Decisions surrounding the future of dams can be informed by scientific inquiry into functions and values linked to their removal, alterations or maintenance [1
]. There are numerous tradeoffs to be weighed with every dam decision. For example, in dam removal decisions, there are the potential benefits of improved migratory fish passage and reduced hazards due to dam failures versus the potential costs of removing water supply storage, flood control, recreational opportunities, pollutant retention, or economic opportunities with hydropower.
Dams stymie migratory fish passage, eliminating or degrading vast expanses of aquatic habitats in coastal watersheds [3
]. This loss of connectivity between estuaries and watersheds affects biota across multiple trophic levels—resulting in negative consequences for the economics, sustainability and biodiversity of fisheries [4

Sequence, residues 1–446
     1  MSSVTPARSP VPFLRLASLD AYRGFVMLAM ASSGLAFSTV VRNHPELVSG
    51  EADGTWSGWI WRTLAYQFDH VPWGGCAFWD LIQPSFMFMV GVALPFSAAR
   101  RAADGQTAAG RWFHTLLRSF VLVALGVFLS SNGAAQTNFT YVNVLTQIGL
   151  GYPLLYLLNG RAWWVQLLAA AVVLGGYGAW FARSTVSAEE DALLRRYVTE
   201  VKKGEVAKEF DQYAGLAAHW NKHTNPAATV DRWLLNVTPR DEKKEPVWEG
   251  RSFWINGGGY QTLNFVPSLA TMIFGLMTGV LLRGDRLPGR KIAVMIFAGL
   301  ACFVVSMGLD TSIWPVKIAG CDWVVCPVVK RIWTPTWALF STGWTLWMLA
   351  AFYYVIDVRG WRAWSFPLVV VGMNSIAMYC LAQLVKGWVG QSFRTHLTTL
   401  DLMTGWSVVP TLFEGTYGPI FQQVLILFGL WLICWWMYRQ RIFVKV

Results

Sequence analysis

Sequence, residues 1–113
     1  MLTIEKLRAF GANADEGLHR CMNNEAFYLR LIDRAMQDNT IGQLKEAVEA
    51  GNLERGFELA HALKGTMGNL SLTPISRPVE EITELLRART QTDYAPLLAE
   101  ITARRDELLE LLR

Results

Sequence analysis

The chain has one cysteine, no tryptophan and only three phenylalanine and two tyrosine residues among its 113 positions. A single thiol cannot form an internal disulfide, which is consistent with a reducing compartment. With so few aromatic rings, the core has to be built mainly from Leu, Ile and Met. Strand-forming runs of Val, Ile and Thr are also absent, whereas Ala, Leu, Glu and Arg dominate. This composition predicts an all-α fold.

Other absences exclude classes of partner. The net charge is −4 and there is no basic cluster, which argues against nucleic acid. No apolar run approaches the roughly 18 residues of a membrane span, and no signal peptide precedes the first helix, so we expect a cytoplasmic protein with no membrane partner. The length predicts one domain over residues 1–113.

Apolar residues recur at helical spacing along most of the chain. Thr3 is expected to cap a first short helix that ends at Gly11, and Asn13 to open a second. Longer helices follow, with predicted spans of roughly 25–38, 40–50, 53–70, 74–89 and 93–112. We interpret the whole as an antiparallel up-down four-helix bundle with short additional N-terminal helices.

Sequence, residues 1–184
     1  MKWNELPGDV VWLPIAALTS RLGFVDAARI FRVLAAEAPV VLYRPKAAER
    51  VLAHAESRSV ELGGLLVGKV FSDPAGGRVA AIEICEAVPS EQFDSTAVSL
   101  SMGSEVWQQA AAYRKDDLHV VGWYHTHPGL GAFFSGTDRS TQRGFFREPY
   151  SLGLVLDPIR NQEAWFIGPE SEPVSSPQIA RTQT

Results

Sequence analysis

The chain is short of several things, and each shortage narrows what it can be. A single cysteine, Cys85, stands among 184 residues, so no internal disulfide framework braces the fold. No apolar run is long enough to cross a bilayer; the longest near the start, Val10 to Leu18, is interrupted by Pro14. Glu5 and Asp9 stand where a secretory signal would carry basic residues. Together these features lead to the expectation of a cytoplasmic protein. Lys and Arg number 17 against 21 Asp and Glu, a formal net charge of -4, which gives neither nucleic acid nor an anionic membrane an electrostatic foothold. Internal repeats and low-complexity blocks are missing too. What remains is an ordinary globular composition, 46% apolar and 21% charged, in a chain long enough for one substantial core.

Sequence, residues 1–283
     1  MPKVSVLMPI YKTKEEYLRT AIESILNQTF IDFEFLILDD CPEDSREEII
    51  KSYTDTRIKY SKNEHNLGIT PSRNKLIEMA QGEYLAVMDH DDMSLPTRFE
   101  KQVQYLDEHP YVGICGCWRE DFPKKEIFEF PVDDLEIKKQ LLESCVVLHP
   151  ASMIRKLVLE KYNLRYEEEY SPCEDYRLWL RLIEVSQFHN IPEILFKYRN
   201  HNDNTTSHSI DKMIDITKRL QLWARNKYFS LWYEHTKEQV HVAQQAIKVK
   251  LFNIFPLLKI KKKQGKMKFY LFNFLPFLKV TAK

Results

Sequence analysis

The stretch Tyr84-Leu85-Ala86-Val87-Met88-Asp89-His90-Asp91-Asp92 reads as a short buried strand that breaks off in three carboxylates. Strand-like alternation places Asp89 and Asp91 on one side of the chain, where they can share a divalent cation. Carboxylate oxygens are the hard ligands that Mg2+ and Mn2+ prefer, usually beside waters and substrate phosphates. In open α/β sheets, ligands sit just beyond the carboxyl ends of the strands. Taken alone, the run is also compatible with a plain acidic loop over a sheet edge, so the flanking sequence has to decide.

]. Even when fish passage across dams is promoted through technical structures like Denil fish ladders, poor design, changes in the annual flow regime and water temperatures present challenges to migratory species [7
Dam failure is a constant concern—and is a clear threat to property, ecosystems and human well-being. Poor construction, aging infrastructure, insufficient maintenance and changes in upstream flow regimes can compromise dam safety. Dam failures can also unleash substantial and sometimes contaminated sediment loads to downstream habitats.
Dams provide a number of important economic and societal benefits including hydropower and flood control [2
]. Some reservoirs associated with dams store water for irrigation and drinking water supplies. Dams—and their associated reservoirs—also provide historic and cultural values to some communities [8